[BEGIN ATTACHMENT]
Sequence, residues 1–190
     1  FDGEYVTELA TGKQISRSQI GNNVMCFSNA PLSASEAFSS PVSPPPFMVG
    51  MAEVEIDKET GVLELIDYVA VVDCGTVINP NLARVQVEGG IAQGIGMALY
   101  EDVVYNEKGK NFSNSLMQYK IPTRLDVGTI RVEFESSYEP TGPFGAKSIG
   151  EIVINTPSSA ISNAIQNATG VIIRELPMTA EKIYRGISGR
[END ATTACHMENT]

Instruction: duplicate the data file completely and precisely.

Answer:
Sequence, residues 1–190
     1  FDGEYVTELA TGKQISRSQI GNNVMCFSNA PLSASEAFSS PVSPPPFMVG
    51  MAEVEIDKET GVLELIDYVA VVDCGTVINP NLARVQVEGG IAQGIGMALY
   101  EDVVYNEKGK NFSNSLMQYK IPTRLDVGTI RVEFESSYEP TGPFGAKSIG
   151  EIVINTPSSA ISNAIQNATG VIIRELPMTA EKIYRGISGR